That means that in this context, for example, $\int_{\mathbb{Z}_p} xd\mu(x)$ has no meaning from the point of view of this definition of integral.

    If one is to look for an analogue of Riemann sums, we may notice that the sequence $(n)_{n\in \mathbb{N}}$ is equidistributed on $\mathbb{Z}_p$ with respect to $\mu$ (An ergodic theorist would say that the transformation $T:\mathbb{Z}_p\to \mathbb{Z}_p, T(x)=x+1$ is uniquely ergodic). The analogue of Weyl's criterion holds: for $f$ a real-valued continuous function, bounded on $\mathbb{Z}_p$, then $$\int_{\mathbb{Z}_p} fd\mu=\lim_{N\to +\infty} \frac1N \sum_{n=0}^{N-1} f(n).$$

    Another thing: the formula for integration on $\mathbb{Q}_p$ in the OP is in this case an analogue of the definition of the improper integral: $$\int_{-\infty}^{\infty} fdx := \lim_{T\to +\infty} \int_{-T}^T f(x)dx,$$ which allows to make sense of functions whose integral in the measure theory sense has no meaning, like $f(x)=\sin(x)/x$.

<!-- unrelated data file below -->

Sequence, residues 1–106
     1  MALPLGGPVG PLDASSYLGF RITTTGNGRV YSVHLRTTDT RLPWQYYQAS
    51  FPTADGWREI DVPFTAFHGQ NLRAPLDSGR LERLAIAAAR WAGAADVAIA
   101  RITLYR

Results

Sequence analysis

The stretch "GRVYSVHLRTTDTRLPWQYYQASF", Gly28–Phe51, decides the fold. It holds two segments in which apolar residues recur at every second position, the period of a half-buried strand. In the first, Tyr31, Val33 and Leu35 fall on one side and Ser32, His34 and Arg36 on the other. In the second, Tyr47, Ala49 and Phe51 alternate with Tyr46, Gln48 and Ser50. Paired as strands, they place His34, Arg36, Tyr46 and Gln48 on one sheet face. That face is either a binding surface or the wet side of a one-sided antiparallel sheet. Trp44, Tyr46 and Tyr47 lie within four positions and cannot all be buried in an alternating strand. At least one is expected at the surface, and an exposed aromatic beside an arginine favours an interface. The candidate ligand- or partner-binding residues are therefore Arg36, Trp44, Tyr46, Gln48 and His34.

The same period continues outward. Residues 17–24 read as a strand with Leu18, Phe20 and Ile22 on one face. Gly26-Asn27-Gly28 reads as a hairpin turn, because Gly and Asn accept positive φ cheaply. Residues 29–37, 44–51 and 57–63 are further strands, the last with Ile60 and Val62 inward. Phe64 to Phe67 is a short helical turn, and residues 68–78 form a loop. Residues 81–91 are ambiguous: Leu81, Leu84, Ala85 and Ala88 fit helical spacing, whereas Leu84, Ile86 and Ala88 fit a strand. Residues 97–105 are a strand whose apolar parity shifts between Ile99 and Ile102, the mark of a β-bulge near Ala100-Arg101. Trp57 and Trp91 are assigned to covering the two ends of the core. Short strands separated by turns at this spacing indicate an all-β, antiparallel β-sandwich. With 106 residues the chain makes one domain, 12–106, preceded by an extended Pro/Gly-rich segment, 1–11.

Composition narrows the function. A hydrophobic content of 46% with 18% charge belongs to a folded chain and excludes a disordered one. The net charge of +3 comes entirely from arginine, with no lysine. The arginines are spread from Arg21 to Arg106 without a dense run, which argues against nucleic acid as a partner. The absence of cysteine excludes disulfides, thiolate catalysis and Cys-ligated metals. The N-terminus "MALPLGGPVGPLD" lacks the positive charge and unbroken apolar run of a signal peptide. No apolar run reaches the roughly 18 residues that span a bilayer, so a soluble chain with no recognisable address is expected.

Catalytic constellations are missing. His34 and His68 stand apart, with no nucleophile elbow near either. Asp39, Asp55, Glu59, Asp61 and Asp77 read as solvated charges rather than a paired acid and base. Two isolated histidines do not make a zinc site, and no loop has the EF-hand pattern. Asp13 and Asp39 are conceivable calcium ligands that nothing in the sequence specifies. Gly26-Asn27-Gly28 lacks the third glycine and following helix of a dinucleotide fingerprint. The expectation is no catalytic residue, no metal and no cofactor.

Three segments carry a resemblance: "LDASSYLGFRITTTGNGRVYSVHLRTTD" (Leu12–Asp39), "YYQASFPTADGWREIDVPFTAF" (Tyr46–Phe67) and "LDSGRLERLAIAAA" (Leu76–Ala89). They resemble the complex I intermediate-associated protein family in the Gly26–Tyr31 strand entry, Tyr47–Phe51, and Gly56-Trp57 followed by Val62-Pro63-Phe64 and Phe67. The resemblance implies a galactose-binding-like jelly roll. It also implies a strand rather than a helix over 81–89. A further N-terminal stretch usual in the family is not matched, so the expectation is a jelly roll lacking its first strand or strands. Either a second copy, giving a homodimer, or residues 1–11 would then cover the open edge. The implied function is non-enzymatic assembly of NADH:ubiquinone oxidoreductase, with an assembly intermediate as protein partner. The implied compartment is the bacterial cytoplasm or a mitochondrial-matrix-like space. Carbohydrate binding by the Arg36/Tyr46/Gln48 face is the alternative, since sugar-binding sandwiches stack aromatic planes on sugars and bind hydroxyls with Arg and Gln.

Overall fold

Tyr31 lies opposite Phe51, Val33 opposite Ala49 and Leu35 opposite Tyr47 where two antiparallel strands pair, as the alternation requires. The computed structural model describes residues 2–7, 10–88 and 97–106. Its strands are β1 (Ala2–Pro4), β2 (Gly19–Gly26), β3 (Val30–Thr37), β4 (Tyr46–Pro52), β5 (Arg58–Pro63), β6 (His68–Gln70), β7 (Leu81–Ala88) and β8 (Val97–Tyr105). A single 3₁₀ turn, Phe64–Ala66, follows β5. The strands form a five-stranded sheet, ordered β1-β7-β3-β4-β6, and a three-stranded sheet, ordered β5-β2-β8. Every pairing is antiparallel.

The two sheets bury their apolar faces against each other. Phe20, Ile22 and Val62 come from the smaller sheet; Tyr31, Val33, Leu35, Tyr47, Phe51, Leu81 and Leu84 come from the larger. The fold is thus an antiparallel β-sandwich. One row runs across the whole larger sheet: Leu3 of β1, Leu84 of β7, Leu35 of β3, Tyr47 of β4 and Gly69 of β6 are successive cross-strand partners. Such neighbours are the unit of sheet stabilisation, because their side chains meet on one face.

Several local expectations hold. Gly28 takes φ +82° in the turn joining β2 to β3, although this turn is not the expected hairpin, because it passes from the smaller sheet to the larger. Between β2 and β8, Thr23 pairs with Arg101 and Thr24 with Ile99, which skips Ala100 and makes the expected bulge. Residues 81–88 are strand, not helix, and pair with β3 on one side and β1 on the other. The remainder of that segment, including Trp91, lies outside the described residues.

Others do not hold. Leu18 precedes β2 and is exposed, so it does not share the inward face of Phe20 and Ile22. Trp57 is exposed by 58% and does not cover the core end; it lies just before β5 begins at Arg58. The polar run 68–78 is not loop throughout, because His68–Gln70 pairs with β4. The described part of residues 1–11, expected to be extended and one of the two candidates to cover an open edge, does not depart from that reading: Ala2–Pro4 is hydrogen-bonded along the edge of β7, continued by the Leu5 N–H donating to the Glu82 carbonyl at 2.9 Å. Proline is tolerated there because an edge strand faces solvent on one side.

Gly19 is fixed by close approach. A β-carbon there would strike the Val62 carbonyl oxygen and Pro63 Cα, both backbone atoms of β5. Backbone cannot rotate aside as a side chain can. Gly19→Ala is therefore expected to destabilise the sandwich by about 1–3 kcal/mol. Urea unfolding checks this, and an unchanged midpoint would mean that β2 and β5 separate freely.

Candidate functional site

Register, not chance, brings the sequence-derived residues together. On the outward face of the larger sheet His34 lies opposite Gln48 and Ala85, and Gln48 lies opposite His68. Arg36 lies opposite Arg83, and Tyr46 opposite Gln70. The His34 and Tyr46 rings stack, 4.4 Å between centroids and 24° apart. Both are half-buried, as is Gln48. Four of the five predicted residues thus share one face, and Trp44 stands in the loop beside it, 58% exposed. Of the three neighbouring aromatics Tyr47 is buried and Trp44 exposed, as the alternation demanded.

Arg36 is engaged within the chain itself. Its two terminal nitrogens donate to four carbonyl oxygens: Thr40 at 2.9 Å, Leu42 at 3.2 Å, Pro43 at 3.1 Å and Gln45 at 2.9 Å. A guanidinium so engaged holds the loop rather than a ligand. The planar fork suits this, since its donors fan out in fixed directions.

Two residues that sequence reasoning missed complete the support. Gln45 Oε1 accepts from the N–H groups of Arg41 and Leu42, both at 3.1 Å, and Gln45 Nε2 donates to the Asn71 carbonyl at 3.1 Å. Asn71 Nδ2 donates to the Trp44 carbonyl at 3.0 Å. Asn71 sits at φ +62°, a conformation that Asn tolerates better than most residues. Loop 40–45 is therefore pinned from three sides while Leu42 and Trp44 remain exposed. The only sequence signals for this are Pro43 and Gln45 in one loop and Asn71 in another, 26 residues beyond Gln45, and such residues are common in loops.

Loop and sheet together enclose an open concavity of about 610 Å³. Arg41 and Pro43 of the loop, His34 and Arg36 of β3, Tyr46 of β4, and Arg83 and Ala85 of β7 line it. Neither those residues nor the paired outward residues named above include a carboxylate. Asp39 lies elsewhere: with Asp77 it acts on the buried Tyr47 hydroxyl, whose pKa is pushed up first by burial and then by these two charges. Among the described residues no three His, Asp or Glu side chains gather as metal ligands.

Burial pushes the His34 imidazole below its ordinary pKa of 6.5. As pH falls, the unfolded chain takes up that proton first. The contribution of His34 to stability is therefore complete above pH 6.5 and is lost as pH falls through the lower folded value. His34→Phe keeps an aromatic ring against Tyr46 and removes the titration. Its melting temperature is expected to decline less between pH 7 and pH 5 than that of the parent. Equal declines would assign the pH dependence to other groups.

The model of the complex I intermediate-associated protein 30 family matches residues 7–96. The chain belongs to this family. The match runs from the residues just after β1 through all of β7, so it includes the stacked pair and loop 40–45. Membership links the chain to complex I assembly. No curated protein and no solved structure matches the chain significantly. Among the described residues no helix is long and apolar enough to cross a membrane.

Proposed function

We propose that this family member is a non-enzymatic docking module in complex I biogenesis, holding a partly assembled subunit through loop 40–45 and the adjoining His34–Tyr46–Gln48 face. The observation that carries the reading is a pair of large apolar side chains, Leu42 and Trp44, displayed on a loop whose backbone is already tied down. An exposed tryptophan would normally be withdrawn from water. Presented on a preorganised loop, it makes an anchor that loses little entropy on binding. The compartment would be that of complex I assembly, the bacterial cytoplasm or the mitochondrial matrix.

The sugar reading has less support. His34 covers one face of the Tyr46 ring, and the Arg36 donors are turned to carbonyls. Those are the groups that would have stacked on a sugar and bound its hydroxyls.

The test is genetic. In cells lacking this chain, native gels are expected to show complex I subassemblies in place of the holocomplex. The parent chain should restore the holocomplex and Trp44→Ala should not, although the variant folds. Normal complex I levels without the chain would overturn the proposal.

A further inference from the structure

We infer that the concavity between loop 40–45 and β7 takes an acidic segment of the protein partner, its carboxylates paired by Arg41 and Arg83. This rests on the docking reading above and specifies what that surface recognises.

• About the Volkenborn integral, although this is not said, if we are to believe https://en.wikipedia.org/wiki/Volkenborn_integral, is made to integrate functions $f$ with values in $\mathbb{C}_p$ (but let's reduce it to functions with values in $\mathbb{Q}_p$ to be able to compare with the latter definition). The definition given in the OP $$\int_{\mathbb{Z}_p} f(x)dx:=\lim_{N\to +\infty} \frac1{p^N} \sum_{n=0}^{p^N-1} f(n),$$ looks pretty much the same than the analogue of Riemann sums above, but with one big difference: one looks only at the subsequence $(p^N)_{N\geq 0}$. Indeed, an easy but instructive example is to compute these Riemann sums for $f(x)=x$. Then $$\frac1{n} \sum_{k=0}^{n-1} f(k)=\frac{n-1}2 \in \mathbb{Q}_p,$$ which does not converge (recall the topology is the $p$-adic one), but does for the subsequence $(p^k)_{k\geq 0}$, to $-1/2$. This gives us $\int_{\mathbb{Z}_p} xdx=-1/2$, as said in the above wikipedia link (which contains, btw, a few formulas as required).